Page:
During a break at a conference in 1992, I called home to hear how my baby's check-up had gone. It went fine, my husband assured me; the pediatrician even cleared her starting solid foods. So that morning, he fed Jenna a banana.
I burst into tears. My baby had tasted her first solid food, and I missed it.
Much has been said about the myth of women "having it all." The prevailing new wisdom is that women can have it all, just not at the same time. Which is swell if you're Grandma Moses, who started painting at age 70, or Laura Ingalls Wilder, who first published the Little House books in her 60s, or Julia Child, who launched her first cooking show at age 50. But the harsh reality for most working women is that the peak years for both our careers and our fertility happen to be the same ones.
Mine is among the one in three households today where the wife is the primary bread earner. My husband's work is seasonal, and he is the one who stayed home to rear our daughter. When she was small, he did the laundry and the grocery shopping and made dinner during the week.
When they learned this, my colleagues would gasp -- women with envy and men with horrified disbelief. "You are so lucky," women would say. Men at best shook their heads.
"Yes," I would reply with a tight smile. "He is wonderful." I didn't want my co-workers to think I didn't appreciate Joel, but wondered how many of them would have told him how lucky he was if I were the one who worked part-time and cooked dinner.
As a Mom Who Worked Outside The Home, I definitely overcompensated.
School bake sale? Of course! I whipped up batches of gourmet cookies and brownies, only to find that other moms had brought in Entenmann's mini-muffins.
Halloween costume? Heck, yeah! I was there with my hot glue gun, creating enormous monarch butterfly wings out of felt, only to find all the other kids wearing store-bought Disney costumes.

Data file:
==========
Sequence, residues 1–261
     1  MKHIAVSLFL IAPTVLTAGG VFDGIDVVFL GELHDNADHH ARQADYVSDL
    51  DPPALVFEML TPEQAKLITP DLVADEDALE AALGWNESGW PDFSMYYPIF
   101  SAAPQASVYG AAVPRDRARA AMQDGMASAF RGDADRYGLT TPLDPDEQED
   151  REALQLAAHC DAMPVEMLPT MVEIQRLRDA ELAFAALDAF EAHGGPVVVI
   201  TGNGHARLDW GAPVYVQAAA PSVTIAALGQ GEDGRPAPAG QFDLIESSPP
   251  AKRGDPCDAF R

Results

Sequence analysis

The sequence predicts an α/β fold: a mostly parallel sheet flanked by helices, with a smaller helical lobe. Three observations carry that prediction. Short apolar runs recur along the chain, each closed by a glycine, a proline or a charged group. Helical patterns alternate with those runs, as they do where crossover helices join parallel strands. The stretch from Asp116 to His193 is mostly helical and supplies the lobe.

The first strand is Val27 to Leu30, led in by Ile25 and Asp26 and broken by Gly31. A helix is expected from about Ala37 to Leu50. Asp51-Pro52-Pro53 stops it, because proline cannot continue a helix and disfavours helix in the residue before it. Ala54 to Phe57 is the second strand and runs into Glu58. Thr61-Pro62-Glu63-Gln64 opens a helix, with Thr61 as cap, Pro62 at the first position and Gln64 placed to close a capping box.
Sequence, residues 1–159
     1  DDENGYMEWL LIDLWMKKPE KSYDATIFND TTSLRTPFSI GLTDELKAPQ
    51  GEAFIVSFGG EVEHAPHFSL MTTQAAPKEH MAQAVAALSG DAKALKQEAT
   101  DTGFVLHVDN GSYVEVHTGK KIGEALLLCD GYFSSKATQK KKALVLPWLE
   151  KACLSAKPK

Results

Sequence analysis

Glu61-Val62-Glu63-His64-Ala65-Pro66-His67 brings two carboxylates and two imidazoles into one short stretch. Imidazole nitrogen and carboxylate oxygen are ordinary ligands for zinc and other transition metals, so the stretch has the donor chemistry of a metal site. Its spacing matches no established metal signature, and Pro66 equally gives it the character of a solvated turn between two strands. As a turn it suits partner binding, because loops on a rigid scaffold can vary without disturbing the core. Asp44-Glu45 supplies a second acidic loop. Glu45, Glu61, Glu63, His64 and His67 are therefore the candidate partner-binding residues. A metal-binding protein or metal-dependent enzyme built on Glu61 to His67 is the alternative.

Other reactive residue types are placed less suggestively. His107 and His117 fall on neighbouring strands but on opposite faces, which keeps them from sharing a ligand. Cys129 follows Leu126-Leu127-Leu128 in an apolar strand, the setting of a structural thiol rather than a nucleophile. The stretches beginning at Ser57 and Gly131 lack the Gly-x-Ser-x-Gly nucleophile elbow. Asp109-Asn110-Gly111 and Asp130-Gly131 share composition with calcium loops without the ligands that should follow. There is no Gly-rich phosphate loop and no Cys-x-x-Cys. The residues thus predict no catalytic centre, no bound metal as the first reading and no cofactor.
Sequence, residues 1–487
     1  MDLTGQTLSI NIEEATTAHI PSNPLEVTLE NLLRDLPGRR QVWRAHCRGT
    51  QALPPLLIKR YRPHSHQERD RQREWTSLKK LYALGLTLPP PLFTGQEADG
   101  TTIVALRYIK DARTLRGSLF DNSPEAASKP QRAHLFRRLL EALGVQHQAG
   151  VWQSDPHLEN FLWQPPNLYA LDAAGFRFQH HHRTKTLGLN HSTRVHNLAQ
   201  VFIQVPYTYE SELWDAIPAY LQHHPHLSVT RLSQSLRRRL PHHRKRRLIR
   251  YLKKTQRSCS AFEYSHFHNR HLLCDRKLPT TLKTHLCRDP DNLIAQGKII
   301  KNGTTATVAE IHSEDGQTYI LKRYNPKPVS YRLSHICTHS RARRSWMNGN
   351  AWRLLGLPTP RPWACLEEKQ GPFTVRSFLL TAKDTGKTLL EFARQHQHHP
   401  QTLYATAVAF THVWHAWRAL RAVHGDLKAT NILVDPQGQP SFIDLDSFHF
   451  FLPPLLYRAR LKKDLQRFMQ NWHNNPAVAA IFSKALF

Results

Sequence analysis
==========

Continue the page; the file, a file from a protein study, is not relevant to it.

Softball games? I'd be Team Mom! Every year! Arriving for each game with a trunk full of snacks and ice packs -- and, I might add, missing only two games in five seasons.
You get the picture. Funny, right? But there were also moments of true soul-searching.
"She has a very close relationship with her dad, and I believe this has been important for her self-esteem as a woman," I often intoned. I actually do believe this to be true, but when Jenna was small I agonized: What if she was closer to her Daddy than her Mommy? I cannot describe the unmitigated relief I felt when Jenna was three and scraped her knee at the playground. Both Joel and I were there -- but she sobbed for her Mommy.
So yes, sometimes we fell into or deliberately assumed traditional roles. I baked her birthday cakes and took her shopping for her Bat Mitzvah dress; Joel taught her knock-knock jokes and helped her learn her Torah portion. But Joel taught Jenna how to throw, and I taught her how to hit. He taught her to ride a bike, and I taught her to drive a car. Both of us helped her with homework, brought her to work with us, and took her on college visits. So I always liked to think Jenna got the best of both worlds.
Of course, I was never sure what she would have to say about that. The opportunity to find out came her freshman year in college, when the Gender Studies class was assigned to write an essay about a personal experience confronting gender-based societal expectations. Jenna couldn't think of a topic, and I finally suggested she tackle the obvious, the household in which she grew up.
She didn't know what I meant.
"You know," I said. "The whole me going to work, Dad staying at home thing."
"Oh," she said. "Is that not usual?"
A version of this post originally appeared on JUFNews.org: https://www.juf.org/news/blog.aspx?id=419840 org